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Would it be wise to drop out as a sophomore to go ahead and get my GED and start a job?

I'm a sophomore in highschool and I am really tired of how I am treated by teachers lately. Should I drop and and get my GED instead? I really want to get a job soon.

Thank you comment icon Hi Romy, it sounds like a difficult situation you are going through. I don't know specifically what your situation is, but if you feel like it is overwhelming and feel you need someone to talk to, you can reach out to the free resource https://r.kokocares.org/careervillage. I wish you the best! Sharyn Grose, Admin

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Doc’s Answer

Romy I couldn't get past your 1st sentence in your question. "...I am really tired of how I am treated by teachers lately.

ARE YOU BEING DISCRIMINATE
AGAINST AT YOUR HIGHSCHOOL
For example: It is illegal for a school to discriminate on the basis of gender. There are laws that protect students from getting discriminated against. There are different types of unlawful discrimination. It may be unlawful discrimination if your highschool is:

• Treating you differently and worse than others because of who you are or because of who they think you are — this is called direct discrimination;

• Treats you differently and worse because someone you are connected to has a protected characteristic, such as a disabled relative — this is called direct discrimination by association;

• Treating you badly because of something connected to a possible disability — this is called discrimination arising from disability;

• Treating you in a way that is offensive, frightening, degrading, humiliating or distressing — this is called harassment;

• Treating you badly because you complained about discrimination or because they think you complained about discrimination — this is called victimisation.

Try to document any incidents and report them to your parent(s), teacher or counselor. If your highschool doesn't have a form to document the type of discrimination your experiencing, you can submit a complaint in the form of a letter to the district superintendent. Keep a copy of your complaint. Complaints related to bullying, harassment, and discrimination must be filed within 6 months of the problem, and within 12 months for all other problems.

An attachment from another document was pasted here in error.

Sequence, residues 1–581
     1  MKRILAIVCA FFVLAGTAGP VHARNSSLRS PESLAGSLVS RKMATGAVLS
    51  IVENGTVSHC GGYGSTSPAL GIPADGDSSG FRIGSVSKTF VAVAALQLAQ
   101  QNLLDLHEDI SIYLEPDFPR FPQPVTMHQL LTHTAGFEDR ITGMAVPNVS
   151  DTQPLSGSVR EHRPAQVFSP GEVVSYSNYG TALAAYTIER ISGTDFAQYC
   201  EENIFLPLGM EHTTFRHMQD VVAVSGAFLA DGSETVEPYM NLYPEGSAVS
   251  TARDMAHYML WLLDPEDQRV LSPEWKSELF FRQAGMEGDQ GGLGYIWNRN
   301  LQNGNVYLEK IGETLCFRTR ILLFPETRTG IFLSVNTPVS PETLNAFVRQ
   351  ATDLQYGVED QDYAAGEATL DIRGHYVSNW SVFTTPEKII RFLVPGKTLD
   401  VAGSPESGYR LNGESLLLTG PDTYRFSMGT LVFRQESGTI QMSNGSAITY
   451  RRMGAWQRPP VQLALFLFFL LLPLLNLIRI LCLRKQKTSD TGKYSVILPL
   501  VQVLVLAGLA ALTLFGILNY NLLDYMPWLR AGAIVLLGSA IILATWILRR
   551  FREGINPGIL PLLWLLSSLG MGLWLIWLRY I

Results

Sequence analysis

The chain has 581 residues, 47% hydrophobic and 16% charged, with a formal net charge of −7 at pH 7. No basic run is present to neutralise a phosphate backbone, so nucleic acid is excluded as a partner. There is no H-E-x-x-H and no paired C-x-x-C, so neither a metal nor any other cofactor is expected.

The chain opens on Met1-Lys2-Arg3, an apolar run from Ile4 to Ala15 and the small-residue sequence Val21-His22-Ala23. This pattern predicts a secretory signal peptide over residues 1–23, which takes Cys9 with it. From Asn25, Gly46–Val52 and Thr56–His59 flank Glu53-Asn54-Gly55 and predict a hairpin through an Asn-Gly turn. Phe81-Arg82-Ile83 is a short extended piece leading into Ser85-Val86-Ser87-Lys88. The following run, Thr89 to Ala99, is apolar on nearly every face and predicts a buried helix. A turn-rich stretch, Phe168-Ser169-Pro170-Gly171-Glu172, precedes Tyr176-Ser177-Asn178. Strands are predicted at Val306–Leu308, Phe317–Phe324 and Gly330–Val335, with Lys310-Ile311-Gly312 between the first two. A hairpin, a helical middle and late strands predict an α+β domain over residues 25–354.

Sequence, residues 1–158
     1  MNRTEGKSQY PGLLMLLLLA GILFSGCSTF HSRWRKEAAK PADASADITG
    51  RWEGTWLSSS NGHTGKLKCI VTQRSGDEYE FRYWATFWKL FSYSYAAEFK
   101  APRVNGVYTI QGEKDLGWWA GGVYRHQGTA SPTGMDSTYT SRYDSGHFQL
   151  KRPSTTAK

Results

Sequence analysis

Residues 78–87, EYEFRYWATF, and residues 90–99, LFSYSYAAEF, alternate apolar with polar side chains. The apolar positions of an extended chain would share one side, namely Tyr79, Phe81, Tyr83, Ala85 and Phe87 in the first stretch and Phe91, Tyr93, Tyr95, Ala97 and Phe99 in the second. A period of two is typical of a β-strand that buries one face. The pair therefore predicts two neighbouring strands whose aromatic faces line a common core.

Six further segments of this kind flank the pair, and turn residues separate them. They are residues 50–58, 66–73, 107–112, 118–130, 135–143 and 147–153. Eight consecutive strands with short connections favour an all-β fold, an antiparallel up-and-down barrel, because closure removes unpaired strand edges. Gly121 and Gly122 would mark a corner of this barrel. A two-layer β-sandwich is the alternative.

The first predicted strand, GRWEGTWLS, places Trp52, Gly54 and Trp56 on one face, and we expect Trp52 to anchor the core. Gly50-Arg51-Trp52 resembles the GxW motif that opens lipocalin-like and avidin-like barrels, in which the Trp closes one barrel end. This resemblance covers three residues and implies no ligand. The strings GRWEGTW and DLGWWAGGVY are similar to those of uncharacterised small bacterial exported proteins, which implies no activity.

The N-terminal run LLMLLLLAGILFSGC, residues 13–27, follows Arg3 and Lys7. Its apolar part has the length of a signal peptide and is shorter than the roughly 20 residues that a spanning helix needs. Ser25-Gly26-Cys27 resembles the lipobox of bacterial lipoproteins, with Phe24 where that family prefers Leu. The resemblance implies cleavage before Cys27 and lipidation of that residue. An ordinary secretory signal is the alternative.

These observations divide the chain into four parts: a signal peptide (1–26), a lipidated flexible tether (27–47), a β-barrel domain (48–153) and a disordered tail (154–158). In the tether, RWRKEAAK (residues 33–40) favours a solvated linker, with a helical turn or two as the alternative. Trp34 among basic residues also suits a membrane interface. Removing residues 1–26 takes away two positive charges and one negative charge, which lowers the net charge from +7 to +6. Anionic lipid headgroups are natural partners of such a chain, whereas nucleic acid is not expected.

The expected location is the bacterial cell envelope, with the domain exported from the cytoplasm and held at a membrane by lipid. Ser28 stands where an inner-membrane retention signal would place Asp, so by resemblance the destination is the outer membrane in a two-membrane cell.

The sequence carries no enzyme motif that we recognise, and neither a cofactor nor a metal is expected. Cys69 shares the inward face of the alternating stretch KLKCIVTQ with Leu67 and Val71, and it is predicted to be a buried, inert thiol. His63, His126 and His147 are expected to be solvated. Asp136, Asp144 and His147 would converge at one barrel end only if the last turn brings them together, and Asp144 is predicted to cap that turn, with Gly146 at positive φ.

Romy every individual, no matter who they are or where they live, should be treated with dignity. You should not suffer discrimination, or be deprived of any of your rights, because of who you are!
Thank you comment icon I am so grateful to have you as a CareerVillage colleague Kim Doc Frick
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Michelle’s Answer

Hello, Romy !

This particular situation is one that I believe deserves immediate attention. The quick, easy solution seems to be to quit high school and than go for a GED, but it will greatly affect your future and I do not advise doing that. I want to explain that you have options and I strongly advise that you finish up with your sophomore year and than you can make a beneficial change.

First and foremost, you should have a long discussion about this with your parents. They should be aware of what is happening. Than you should schedule a visit with the school social worker, not to complain, but to discuss the issues and ask for help with coping skills so you can successfully get through the rest of the year. During this visit ask the social worker about your school's confidentiality standards. You will want this visit to be between you and the social worker only. You can also read about various coping skills and learn them from websites on line and instructional videos which you can find on You Tube.

Okay, now that tenth grade is over and you've passed to the eleventh grade, have your parents contact the school district to set up home schooling for you (I am assuming that you are in a public high school). I know, everyone works and how can we homeschool - it can be done. This is another thing that you will need to research. The Meridian Public School District doesn't have their home school guidelines on their website, however, you should go to the administration office or your guidance counselor to obtain information and obtain the guidelines in writing, too. If you do home school through the school district, you may receive a High School Diploma just like everyone else. At least it is that way in the school district I currently live in. But you must gather all the information for this.

Another option is to transfer to a different school for 11th and 12th grade. This will be something that your parent(s) could explore and see if it is doable.

Do not quit school. In life, we are not always going to feel comfortable with every single person we interact with and not everyone is going to like us, either and that is okay. But we can't make rash decisions that will affect us in the future. You were not specific about what it is that the teachers do that you don't like and it does matter. The fact is that you are not comfortable in your current school so changes need to be made for the better. There are about seven more months of school and I think if you work on coping skills you can succeed this year without the drastic move of quitting school. Than again, I do not know the specific ways you are being mistreated and if it is all of your teachers. Focus on your subjects, clubs, friends and recreational activities and know that you can get through this. Ignore any negativity and focus on the school work. It's hard, but adults have to sometimes do this within the work place and in other situations, too. You can do it too.

I do hope this was a bit of help and that you will return here to Career Village for advice on specific elements of this issue. I wish you all the best !
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Brandon’s Answer